Wilson’s disease is a rare genetic disorder characterized by a buildup of copper in the body, especially in the brain, liver, and eyes.
The body needs a small amount of copper from food to help produce energy, blood vessels, and connective tissue, and to help maintain the immune system and the central nervous system.
According to records from The Office of Dietary Supplements, the average adult age 19 and over requires about 900 micrograms (mcg) of copper per day. However, if too much can be harmful to health.
Normally, the liver releases excess copper into the bile. Bile carries copper out of the body through the digestive tract. In Wilson’s disease, the liver doesn’t release enough copper into the bile, causing a buildup of copper in the body.
Large amounts of copper can damage tissue, which in turn replaces scar tissue. When the amount of scar tissue increases in the affected organ, it loses its ability to function properly and triggers symptoms of copper poisoning.
according to National Organization for Rare Disorders (NORD), Wilson’s disease is progressive. That is, if left untreated, it can lead to liver disease, central nervous system dysfunction, and even death.
Wilson’s disease is inherited as an autonomic recessive trait. A recessive genetic disorder occurs when a person inherits two copies of the abnormal gene for the same trait, one from each parent.
If a person inherits one normal gene and one gene from the disease, then that person will be a carrier of the disease (carrier), but are usually asymptomatic.
The risk of two parents carrier to pass on the altered gene and have an affected child is 25 percent with each pregnancy, while the risk of having an affected child carrier like parents, which is 50 percent in each pregnancy. Meanwhile, the chance of a child to receive normal genes from both parents is as much as 25 percent.
Men and women have the same risk. In addition, parents who are close relatives (consanguineous or inbreeding) have a higher risk than those who do not share the same abnormal gene, which increases the risk of having a child with a recessive genetic disorder.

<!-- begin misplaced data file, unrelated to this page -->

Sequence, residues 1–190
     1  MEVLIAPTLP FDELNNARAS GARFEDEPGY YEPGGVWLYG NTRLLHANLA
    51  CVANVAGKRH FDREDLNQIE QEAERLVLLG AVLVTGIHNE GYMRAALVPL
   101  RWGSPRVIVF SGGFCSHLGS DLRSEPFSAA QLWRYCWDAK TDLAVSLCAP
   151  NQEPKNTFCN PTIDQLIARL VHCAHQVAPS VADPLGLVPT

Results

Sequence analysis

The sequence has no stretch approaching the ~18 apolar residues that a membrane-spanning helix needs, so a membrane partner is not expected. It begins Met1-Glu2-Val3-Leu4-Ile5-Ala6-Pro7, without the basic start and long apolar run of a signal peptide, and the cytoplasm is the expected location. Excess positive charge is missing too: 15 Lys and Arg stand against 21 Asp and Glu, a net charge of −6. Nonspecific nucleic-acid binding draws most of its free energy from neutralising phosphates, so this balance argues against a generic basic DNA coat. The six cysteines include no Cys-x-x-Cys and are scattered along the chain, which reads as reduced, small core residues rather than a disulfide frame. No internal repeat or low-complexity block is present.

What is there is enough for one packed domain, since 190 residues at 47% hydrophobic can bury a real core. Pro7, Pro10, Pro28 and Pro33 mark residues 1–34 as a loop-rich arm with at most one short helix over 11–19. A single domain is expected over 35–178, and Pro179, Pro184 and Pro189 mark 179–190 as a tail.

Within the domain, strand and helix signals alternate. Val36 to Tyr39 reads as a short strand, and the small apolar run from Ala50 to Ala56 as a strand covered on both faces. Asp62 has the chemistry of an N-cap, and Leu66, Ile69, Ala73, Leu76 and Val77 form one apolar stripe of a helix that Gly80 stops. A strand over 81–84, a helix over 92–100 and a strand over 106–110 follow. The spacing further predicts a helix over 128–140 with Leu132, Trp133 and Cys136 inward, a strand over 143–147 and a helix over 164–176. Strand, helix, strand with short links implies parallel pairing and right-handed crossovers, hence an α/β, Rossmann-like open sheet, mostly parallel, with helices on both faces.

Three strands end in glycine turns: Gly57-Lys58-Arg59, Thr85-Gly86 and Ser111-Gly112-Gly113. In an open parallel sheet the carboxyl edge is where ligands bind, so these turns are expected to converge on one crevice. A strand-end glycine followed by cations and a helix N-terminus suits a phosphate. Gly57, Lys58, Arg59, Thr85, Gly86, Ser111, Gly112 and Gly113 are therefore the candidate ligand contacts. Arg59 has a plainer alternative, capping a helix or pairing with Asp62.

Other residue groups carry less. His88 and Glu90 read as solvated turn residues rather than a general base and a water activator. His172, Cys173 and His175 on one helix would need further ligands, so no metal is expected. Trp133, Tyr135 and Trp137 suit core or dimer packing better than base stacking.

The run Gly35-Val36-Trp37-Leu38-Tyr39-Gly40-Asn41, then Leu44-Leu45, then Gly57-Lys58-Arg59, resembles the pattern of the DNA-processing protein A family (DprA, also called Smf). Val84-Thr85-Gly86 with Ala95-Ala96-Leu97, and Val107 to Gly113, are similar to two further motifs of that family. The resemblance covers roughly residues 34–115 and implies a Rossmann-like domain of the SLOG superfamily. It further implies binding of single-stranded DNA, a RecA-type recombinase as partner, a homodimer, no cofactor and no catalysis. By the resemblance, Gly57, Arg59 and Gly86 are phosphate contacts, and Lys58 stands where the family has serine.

According to researchers, Wilson’s disease is caused by a disorder or change (mutation) of the ATP7B gene, which plays an important role in the movement of excess copper from the liver to the bile, which is then excreted from the body through the intestines. More than 300 different mutations of the ATP7B gene have been identified.
Reported National Institute of Diabetes and Digestive and Kidney Diseases (NIDDK), symptoms of Wilson’s disease usually first appear between the ages of 5 and 40. Even so, symptoms can appear at the age of 9 months and over 70 years, and symptoms may not appear at all before the disease is diagnosed and the sufferer gets treatment.
Adding from Healthlinethe signs and symptoms of Wilson’s disease vary depending on the organ affected:
- Copper buildup in the liver: Symptoms that arise due to copper accumulation in the liver include weakness, nausea, vomiting, loss of appetite, weight loss, feeling tired, itching, jaundice, edema or swelling in the legs and abdomen, pain or bloating in the abdomen, muscle cramps, and spider angiomas or visible branch-like blood vessels in the skin. Many of the symptoms, such as jaundice and edema, are similar to those of other conditions such as kidney and liver failure.
- Copper buildup in the brain: This can cause symptoms such as impaired memory, speech, or vision, as well as impaired walking, insomnia, drooling, migraines, depression, mood swings, and problems at school. In advanced stages, these symptoms may include muscle spasms, spasms, and muscle pain when moving.
- Copper buildup in the eye: The doctor will also examine the Kayser-Fleischer (KF) ring and sunflower cataract. The KF ring is an abnormal golden brown discoloration of the eye caused by excess copper deposits. The KF ring appears in about 97 percent of people with Wilson’s disease. Meanwhile, sunflower cataract occurs in 1 in 5 patients. It is a distinctive multicolored center with radii that radiates outward.